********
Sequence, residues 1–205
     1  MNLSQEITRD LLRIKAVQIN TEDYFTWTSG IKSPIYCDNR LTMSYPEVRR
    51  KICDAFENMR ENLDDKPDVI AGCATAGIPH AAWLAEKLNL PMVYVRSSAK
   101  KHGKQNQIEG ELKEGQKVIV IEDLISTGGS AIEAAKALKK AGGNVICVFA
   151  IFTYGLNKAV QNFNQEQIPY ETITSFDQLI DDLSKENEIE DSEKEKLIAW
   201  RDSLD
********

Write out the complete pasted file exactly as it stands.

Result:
Sequence, residues 1–205
     1  MNLSQEITRD LLRIKAVQIN TEDYFTWTSG IKSPIYCDNR LTMSYPEVRR
    51  KICDAFENMR ENLDDKPDVI AGCATAGIPH AAWLAEKLNL PMVYVRSSAK
   101  KHGKQNQIEG ELKEGQKVIV IEDLISTGGS AIEAAKALKK AGGNVICVFA
   151  IFTYGLNKAV QNFNQEQIPY ETITSFDQLI DDLSKENEIE DSEKEKLIAW
   201  RDSLD